A little known CQC enforcement power with devastating consequences for providers

Single registration, enabling a provider to be registered in relation to multiple services, was trumpeted as a more proportionate and sensible way of regulating the sector when the Health and Social Care Bill (now Act) was passing through Parliament. However, providers who fall into this category are at considerable risk of a new form urgent enforcement action which CQC has started to deploy under section 31 of the Health and Social Care Act 2008. CQC can serve a Notice of Decision on a registered person imposing, varying or removing a condition of registration on an urgent basis which will take effect immediately.  CQC can deploy the power whenever it has reasonable cause to believe that any person will or may be exposed to risk of harm in a service.  Sounds innocuous enough so why the concern at Ridouts?

Our anxiety derives from CQC being able to remove a location (expressed as a condition of registration) from the registration with immediate effect by simply serving a Notice of Decision on the provider. The effect of the Notice will be to close the service as it will be unlawful to carry it on once the condition is removed.  The provider has no statutory means of challenging or appealing the decision until after it has taken effect. There is a right of appeal to the First-tier Tribunal which will be fast tracked, meaning the hearing should come on within a matter of a few weeks but by that stage all the service users will have left the service and the provider may not have the resources to challenge the decision.

In contrast, if a provider runs a single service under their registration the only way that CQC can cancel that registration is by making an urgent application to a magistrate under section 30 of the 2008 Act. The statutory test is that if the order is not made to cancel the registration there will be a serious risk to a person’s life, health or well-being. Ordinarily, the provider will be notified of the application and will be able to attend the magistrates’ court and contest the application, with or without legal representation.

The first thing to note is that the test of serious risk under section 30 is higher than the one under section 31 which only requires CQC to have reasonable cause to believe a person will or may be exposed to the risk of harm.  Why might this be the case? Our view at Ridouts is that section 31 was never intended to have the effect of cancelling a service. That is because conditions of registration are only meant to be restrictions on a registration e.g. a cap on numbers in a care home, or, alternatively, a means of setting actions to be taken by a provider to bring them into compliance with statutory requirements. A condition of registration is not intended to have the effect of closing an entire service down.  However, CQC is faced with a real difficulty in regulating the multi-site provider in circumstances where, say, one service falling under the registration is deemed to be failing to the point where it needs to be shut, yet the other services are running to an acceptable standard. CQC cannot apply to a magistrate for an order cancelling the entire registration as that would be disproportionate. All CQC can do is serve a Notice under section 31 removing the location which is deemed to be failing from the registration.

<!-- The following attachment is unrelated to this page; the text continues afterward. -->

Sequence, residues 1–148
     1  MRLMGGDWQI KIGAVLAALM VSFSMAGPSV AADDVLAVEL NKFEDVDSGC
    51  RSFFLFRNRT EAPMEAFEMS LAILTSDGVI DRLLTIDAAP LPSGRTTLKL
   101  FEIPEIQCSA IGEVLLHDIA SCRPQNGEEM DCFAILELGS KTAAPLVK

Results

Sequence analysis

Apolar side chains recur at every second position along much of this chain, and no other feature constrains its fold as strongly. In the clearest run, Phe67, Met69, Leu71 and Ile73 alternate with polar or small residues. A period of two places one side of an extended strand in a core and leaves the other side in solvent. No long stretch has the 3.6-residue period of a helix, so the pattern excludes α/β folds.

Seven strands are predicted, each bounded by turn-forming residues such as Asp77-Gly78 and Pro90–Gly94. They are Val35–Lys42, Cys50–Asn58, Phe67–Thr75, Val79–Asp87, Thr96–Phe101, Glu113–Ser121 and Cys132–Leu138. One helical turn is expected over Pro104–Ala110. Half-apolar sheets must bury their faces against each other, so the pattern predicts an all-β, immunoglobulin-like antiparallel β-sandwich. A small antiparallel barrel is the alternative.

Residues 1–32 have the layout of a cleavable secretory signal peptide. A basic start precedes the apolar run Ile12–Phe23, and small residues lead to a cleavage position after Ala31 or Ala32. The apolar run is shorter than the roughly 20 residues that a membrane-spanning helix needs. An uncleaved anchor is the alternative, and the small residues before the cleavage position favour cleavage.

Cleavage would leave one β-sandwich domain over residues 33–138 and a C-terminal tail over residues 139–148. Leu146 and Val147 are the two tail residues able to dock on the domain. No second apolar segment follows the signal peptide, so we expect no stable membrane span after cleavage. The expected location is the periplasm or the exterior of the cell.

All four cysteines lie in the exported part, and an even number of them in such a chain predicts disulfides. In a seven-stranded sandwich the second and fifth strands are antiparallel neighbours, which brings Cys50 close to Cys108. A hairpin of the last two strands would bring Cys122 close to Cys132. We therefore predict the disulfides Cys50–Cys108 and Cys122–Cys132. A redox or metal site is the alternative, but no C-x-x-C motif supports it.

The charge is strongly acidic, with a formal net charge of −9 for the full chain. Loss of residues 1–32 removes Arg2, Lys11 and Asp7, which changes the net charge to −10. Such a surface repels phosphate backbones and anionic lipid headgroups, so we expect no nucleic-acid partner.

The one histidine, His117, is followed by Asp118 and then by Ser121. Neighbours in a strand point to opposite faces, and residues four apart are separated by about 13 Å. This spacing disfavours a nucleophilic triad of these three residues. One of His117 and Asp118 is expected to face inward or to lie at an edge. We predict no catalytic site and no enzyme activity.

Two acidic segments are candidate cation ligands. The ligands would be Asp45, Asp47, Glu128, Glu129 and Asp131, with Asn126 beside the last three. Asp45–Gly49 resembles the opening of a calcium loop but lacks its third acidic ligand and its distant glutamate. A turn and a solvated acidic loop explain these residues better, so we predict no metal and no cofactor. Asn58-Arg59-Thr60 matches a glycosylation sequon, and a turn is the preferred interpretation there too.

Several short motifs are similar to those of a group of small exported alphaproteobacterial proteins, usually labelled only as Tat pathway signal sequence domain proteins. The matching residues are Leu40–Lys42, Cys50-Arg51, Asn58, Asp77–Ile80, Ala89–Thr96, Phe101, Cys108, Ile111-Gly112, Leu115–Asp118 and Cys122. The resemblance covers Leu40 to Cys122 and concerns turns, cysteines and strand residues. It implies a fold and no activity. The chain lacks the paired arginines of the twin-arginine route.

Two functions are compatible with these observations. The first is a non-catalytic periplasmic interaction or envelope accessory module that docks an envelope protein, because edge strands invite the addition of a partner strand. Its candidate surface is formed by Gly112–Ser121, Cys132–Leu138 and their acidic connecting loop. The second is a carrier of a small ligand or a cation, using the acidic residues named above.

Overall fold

The first reported instance of CQC using this power to remove a location from a registration came out in a press release on 12 August 2011 in relation to a care provider in Kent with 6 homes. The press release states that in June 2011 served a Notice of Decision under section 31 of the Health and Social Care Act 2008, adding “this means that that this location is no longer registered to care for people and by law cannot continue as a care home.”

It remains to be seen how often CQC uses this power. What is clear is that CQC will have to be very careful how they exercise it given the draconian consequences for the provider, staff and the residents.  In practice, CQC should only be exercising this power in the most serious cases and that appears to be confirmed by the CQC Enforcement Policy which talks of its use “whenever it believes that service users will or may be exposed to unnecessary and serious harm to their safety and welfare if CQC does not act immediately.”

The concern from a human rights point of view is that a provider has no statutory opportunity to challenge the decision to remove a location from a registration in a legal setting before it takes effect.  That must make such a decision vulnerable to challenge in the courts as it is difficult to see how the power is compatible with the Human Rights Act.

On a practical level, it will be important for multi-site providers to develop their risk management strategies to take into account the existence and use of this new enforcement power. It should not be left until something goes wrong as CQC may not give any warning before service of the Notice. Specialist legal advice will assist in developing strategies to manage and reduce the risk of this power being exercised by CQC.  In circumstances where such a Notice is served on a provider, urgent legal advice will be required to consider the possibility of a judicial review application to the High Court to stay the effect of the Notice. Ridouts would be delighted to help providers in responding to this new challenge.

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